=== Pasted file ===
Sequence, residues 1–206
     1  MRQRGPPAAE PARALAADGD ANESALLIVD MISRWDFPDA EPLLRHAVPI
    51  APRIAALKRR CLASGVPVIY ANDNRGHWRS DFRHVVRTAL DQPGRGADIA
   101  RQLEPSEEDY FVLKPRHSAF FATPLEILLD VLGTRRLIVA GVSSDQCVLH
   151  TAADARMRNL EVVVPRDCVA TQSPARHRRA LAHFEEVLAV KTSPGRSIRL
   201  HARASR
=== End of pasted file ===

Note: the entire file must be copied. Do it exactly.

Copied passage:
Sequence, residues 1–206
     1  MRQRGPPAAE PARALAADGD ANESALLIVD MISRWDFPDA EPLLRHAVPI
    51  APRIAALKRR CLASGVPVIY ANDNRGHWRS DFRHVVRTAL DQPGRGADIA
   101  RQLEPSEEDY FVLKPRHSAF FATPLEILLD VLGTRRLIVA GVSSDQCVLH
   151  TAADARMRNL EVVVPRDCVA TQSPARHRRA LAHFEEVLAV KTSPGRSIRL
   201  HARASR